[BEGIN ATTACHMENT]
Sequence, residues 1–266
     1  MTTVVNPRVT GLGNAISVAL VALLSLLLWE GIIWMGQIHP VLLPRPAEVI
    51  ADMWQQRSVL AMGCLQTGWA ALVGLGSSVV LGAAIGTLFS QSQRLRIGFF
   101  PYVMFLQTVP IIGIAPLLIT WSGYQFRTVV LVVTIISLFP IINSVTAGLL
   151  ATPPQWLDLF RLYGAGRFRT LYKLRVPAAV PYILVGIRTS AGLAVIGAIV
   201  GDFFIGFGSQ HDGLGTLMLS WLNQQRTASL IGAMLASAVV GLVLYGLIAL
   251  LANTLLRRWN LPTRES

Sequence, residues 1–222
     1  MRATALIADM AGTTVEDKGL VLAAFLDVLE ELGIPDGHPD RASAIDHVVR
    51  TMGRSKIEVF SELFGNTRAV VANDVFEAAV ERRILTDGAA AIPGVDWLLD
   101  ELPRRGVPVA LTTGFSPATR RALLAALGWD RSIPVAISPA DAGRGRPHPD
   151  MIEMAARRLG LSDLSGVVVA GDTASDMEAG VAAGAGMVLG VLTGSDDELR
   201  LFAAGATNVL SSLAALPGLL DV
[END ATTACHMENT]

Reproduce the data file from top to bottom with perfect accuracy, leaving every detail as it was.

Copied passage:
Sequence, residues 1–266
     1  MTTVVNPRVT GLGNAISVAL VALLSLLLWE GIIWMGQIHP VLLPRPAEVI
    51  ADMWQQRSVL AMGCLQTGWA ALVGLGSSVV LGAAIGTLFS QSQRLRIGFF
   101  PYVMFLQTVP IIGIAPLLIT WSGYQFRTVV LVVTIISLFP IINSVTAGLL
   151  ATPPQWLDLF RLYGAGRFRT LYKLRVPAAV PYILVGIRTS AGLAVIGAIV
   201  GDFFIGFGSQ HDGLGTLMLS WLNQQRTASL IGAMLASAVV GLVLYGLIAL
   251  LANTLLRRWN LPTRES

Sequence, residues 1–222
     1  MRATALIADM AGTTVEDKGL VLAAFLDVLE ELGIPDGHPD RASAIDHVVR
    51  TMGRSKIEVF SELFGNTRAV VANDVFEAAV ERRILTDGAA AIPGVDWLLD
   101  ELPRRGVPVA LTTGFSPATR RALLAALGWD RSIPVAISPA DAGRGRPHPD
   151  MIEMAARRLG LSDLSGVVVA GDTASDMEAG VAAGAGMVLG VLTGSDDELR
   201  LFAAGATNVL SSLAALPGLL DV